structures, top managers like
CEOs Kea ( el, Κέα), also known as Tzia ( el, Τζια) and in antiquity Antiquity or Antiquities may refer to Historical objects or periods Artifacts * Antiquities, objects or artifacts surviving from ancient cultures Eras Any period before t ...
are mostly in control of the firm. # The greatest value of a company is its image and brand. By attempting to fulfill the needs and wants of many different people ranging from the local population and customers to their own employees and owners, companies can prevent damage to their image and brand, prevent losing large amounts of sales and disgruntled customers, and prevent costly legal expenses. While the stakeholder view has an increased cost, many firms have decided that the concept improves their image, increases sales, reduces the risks of liability for corporate negligence, and makes them less likely to be targeted by pressure groups, campaigning groups and NGOs. A corporate stakeholder can affect or be affected by the actions of a business as a whole. Whereas
shareholder A shareholder (in the United States often referred to as stockholder) of a corporation is an individual or legal entity (such as another corporation, a body politic, a Trust law, trust or partnership) that is registered by the corporation as the ...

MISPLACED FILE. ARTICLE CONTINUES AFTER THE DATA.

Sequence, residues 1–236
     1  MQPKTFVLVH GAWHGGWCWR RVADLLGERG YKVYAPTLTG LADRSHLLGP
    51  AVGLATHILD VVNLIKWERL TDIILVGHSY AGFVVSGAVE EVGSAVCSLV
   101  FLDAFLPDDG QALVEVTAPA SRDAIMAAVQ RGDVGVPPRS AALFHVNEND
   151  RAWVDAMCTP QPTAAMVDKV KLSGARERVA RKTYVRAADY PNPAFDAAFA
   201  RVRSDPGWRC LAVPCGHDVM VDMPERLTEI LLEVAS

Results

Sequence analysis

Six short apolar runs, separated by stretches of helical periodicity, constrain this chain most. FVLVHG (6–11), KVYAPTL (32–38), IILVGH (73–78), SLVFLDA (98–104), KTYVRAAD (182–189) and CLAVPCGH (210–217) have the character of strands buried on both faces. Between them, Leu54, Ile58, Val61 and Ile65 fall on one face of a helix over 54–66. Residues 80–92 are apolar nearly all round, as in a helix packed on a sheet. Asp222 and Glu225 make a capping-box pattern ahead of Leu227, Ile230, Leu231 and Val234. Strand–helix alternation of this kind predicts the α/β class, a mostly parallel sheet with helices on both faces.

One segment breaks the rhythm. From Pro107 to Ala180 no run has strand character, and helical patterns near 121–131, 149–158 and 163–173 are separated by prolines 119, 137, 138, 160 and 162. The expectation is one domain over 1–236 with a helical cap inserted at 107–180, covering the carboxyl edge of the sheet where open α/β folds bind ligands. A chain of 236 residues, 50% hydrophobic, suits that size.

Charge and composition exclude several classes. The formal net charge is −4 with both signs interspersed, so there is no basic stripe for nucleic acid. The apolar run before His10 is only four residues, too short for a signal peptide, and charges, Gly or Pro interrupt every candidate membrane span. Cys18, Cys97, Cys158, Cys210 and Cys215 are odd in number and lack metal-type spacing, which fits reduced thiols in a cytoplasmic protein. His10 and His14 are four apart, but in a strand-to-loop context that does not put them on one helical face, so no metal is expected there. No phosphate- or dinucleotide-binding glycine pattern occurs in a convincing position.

s are often the party with the most direct and obvious interest at stake in business decisions, they are one of various subsets of stakeholders, as
customer In sales Sales are activities related to selling or the number of goods sold in a given targeted time period. The delivery of a service for a cost is also considered a sale. The seller, or the provider of the goods or services, comple ...

customer
s and
employees Employment is the relationship between two parties Image:'Hip, Hip, Hurrah! Artist Festival at Skagen', by Peder Severin Krøyer (1888) Demisted with DXO PhotoLab Clearview; cropped away black border edge.jpg, 300px, ''Hip, Hip, Hurrah!'' ...
also have
stakes A stake is a strong wooden or metal post with a point at one end, driven into the ground to support a tree, form part of a fence, act as a boundary mark, etc. Stake may also refer to: Entertainment * ''Stake: Fortune Fighters'', a 2003 video gam ...

stakes
in the outcome. In the most developed sense of stakeholders in terms of real
corporate responsibility Corporate responsibility is a term which has come to characterize a family of professional disciplines intended to help a corporation A corporation is an organization—usually a group of people or a company—authorized by the state to act ...
, the bearers of
externalities In economics Economics () is the social science that studies how people interact with value; in particular, the Production (economics), production, distribution (economics), distribution, and Consumption (economics), consumption of goods ...